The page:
Boris Johnson said "Project Fear is over" after the Chancellor George Osborne said an emergency budget was unlikely to happen until David Cameron's successor takes over in the autumn.
The leading Leave campaigner welcomed Mr Osborne's statement on Monday morning that the UK economy was "about as strong as it could be", as the chancellor tried to calm fears in the markets about the economy post Brexit.
"It is clear now that Project Fear is over, there is not going to be an emergency budget, people's pensions are safe, the pound is stable, the markets are stable, I think that's all very good," Mr Johnson told reporters as he left his London home.
The former Mayor of London also said EU citizens currently living in the UK and British expats living on the continent "have their rights protected", as he sought to clear up "confusion" over their "status".
The FTSE-100 index was down 60.01 points to 6078.68 at 9.15am, as RBS, Barclays and Lloyds suffered falls in their share value.
ITV News Business Editor Joel Hills has the latest:
Look past headline FTSE100 number. UK bank shares RBS -12%, Barclays -9.5%, Lloyds -9% following downgrade by - erm - Barclays analysts.
Joe Trundle, Head of Trading at ETX Capital, said: "Banks are being hammered as a result of Britain’s decision to leave the EU. Aside from the general investor uncertainty, there are some important reasons why financial stocks are so exposed.
"First, there is a realisation that interest rates will remain low for longer – gilts have sunk below 1% for their first time ever today. This is not confined to the UK - Australia’s central bank may have to cut rates because of the vote.
"Second, property assets will have to be revalued and that could severely dent banks’ loan books.
"Thirdly, British banks probably won’t have access to EU markets post-Brexit as they’ll lose their 'passporting' privileges.
The FTSE 100 has fallen 0.82% at the opening of trading on Monday, as the fallout from the Brexit vote continues to hit stock markets.
George Osborne said he would clarify whether he would run for leadership of the Conservative Party this week.
Speaking at a news conference in London on Monday morning, the Chancellor said: "There have been questions about the future of the Conservative Party and I will address my role within that in the coming days."
The Chancellor has said it is "perfectly sensible" to wait until there is a new prime minister before implementing an emergency budget.
Responding to a question by ITV News Business Editor Joel Hills about his earlier statement that Brexit would demand "an immediate response from government," George Osborne said that a financial contingency plan was in place and liquidity had been made available, but an emergency budget would be put in place in Autumn.
The Chancellor George Osborne has said the UK economy is "about as strong as it could be", as he looked to calm market fears following Brexit.
Speaking as financial trading started on Monday, Mr Osborne said the Leave vote in last week's EU referendum was "not the outcome I wanted" but said he "will do everything" he can to "make it work for Britain".
He added that "there will be an adjustment in our economy because of the decision that the British people have taken" but made no indication that there would be an emergency budget.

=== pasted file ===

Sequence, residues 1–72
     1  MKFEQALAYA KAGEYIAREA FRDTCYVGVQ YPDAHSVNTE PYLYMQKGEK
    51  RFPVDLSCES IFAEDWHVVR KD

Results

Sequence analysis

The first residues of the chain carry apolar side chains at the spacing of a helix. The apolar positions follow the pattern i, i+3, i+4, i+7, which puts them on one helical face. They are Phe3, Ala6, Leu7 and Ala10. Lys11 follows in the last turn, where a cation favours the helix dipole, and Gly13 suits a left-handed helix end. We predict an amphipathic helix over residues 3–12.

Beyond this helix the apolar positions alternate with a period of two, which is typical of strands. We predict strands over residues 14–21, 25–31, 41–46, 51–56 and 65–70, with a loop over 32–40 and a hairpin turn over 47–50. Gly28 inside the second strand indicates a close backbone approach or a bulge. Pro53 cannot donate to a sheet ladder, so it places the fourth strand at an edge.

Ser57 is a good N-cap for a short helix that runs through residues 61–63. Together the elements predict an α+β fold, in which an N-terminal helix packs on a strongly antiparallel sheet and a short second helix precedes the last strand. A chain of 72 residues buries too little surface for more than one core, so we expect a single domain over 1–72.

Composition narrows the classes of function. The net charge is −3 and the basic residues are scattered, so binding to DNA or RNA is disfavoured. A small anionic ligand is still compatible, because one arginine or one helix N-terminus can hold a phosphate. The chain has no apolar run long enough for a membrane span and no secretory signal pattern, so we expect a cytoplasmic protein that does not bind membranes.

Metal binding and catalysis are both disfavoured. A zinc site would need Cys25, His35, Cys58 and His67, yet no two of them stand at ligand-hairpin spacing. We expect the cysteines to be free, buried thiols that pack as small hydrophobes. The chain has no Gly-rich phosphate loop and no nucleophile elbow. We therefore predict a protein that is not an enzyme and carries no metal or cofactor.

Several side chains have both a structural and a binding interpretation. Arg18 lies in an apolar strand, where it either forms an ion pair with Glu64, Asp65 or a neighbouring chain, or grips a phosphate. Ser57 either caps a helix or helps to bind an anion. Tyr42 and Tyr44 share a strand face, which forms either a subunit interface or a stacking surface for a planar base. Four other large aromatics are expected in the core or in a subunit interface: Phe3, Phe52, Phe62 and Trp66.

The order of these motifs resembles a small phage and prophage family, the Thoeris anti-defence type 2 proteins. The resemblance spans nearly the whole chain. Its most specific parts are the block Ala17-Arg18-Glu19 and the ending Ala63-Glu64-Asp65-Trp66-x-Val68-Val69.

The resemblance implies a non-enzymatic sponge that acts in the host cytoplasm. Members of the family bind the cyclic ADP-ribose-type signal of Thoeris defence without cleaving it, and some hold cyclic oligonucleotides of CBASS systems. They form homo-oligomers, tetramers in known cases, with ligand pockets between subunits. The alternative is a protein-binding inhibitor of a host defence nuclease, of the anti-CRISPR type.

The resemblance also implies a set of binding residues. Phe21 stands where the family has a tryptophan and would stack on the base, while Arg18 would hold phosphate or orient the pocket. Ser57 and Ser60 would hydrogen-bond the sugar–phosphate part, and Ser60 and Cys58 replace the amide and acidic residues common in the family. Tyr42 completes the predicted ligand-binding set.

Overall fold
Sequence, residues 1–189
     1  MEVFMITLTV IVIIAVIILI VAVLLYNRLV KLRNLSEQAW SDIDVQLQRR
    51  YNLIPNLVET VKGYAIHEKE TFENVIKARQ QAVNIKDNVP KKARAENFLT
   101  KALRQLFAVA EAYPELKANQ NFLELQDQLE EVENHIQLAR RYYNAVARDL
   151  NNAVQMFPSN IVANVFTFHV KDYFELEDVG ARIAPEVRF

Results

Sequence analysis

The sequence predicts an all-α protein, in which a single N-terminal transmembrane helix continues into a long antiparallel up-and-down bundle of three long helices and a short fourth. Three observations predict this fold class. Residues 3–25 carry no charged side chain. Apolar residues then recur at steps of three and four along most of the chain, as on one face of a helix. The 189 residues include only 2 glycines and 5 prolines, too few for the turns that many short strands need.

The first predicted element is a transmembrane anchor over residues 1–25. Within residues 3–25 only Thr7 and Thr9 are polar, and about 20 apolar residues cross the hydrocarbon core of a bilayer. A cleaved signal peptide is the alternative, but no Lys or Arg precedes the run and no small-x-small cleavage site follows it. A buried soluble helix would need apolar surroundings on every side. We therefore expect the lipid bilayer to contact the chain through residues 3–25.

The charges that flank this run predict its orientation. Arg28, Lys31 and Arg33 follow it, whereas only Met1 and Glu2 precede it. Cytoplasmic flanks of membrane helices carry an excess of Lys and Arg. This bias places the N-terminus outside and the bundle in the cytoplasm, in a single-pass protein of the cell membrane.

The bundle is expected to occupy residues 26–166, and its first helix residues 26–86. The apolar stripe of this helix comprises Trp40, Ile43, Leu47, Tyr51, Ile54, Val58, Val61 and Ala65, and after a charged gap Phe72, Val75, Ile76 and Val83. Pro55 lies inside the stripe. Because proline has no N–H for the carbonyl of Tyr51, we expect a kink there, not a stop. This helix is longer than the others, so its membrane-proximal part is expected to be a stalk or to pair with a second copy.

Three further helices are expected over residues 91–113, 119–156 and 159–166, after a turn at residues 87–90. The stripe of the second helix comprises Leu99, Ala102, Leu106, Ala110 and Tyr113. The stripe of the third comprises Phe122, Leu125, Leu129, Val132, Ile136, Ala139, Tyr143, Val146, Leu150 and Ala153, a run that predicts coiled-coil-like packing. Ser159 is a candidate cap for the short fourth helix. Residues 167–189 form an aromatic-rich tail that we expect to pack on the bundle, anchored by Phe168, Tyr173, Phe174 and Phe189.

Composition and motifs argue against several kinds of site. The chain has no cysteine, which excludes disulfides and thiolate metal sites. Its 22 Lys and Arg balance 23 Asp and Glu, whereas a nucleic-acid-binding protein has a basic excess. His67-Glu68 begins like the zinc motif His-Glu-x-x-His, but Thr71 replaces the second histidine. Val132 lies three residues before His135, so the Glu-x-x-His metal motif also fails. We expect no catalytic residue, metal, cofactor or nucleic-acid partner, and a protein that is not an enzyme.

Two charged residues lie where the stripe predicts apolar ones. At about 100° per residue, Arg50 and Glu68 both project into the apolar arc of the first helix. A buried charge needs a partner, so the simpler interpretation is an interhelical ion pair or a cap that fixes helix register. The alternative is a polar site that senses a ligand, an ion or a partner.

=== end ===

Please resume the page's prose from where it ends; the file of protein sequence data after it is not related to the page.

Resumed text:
No sign of the emergency budget that the Chancellor said would be immediately necessary in the event of a Leave vote.
"I respect that decision and we're going to get on and deliver on that decision. But the impact on the economy will have an article on our public finances," he said.
His comments came after the pound suffered fresh losses during early trading on Asian markets on Monday morning.
Addressing the question of the free movement of labour following withdrawal from the EU, the chancellor said Britain is an "open and tolerant country" and he "will fight to keep it so".
The pound suffered fresh losses during early trading on Asian markets on Monday morning.
Sterling was quoted at $1.34 on Monday, down on Friday's close, when it dropped by more than 8% following the referendum result and slipped
Elsewhere, International Monetary Fund Managing Director Christine Lagarde said financial markets "vastly underestimated" the outcome of the vote.
But she added: "There was no panic and the central bankers did the job that they were prepared to do just in case, which was to put a lot of liquidity on the markets."
Chancellor George Osborne will seek to reassure financial markets on Monday morning following Britain's decision to leave the EU.Read the full story ›
Britain is headed for a "mild" recession, Nigel Farage has said - but denied it had anything to do with the UK's vote to leave the EU.
The pound plummeted to its lowest level in 35 years in the immediate aftermath of the referendum result, while stock exchanges around the world suffered a slump in prices as traders panicked in the face of economic uncertainty.
But the Ukip leader, who campaigned for some 25 years for Britain to withdraw from the bloc, told the Sunday Telegraph he believed that would have happened anyway.
"There's nothing new here," he said.
"I think we are going into a mild recession anyway, completely regardless of Brexit. Our growth forecasts are down. Our public-sector borrowing is still not under control at all and everyone forgets that sterling is in a bear market, declining since July 2014."
"Increased global opportunities" await outside the single market, he added, with "no reason" why Britain would not be reaping the benefits within two years.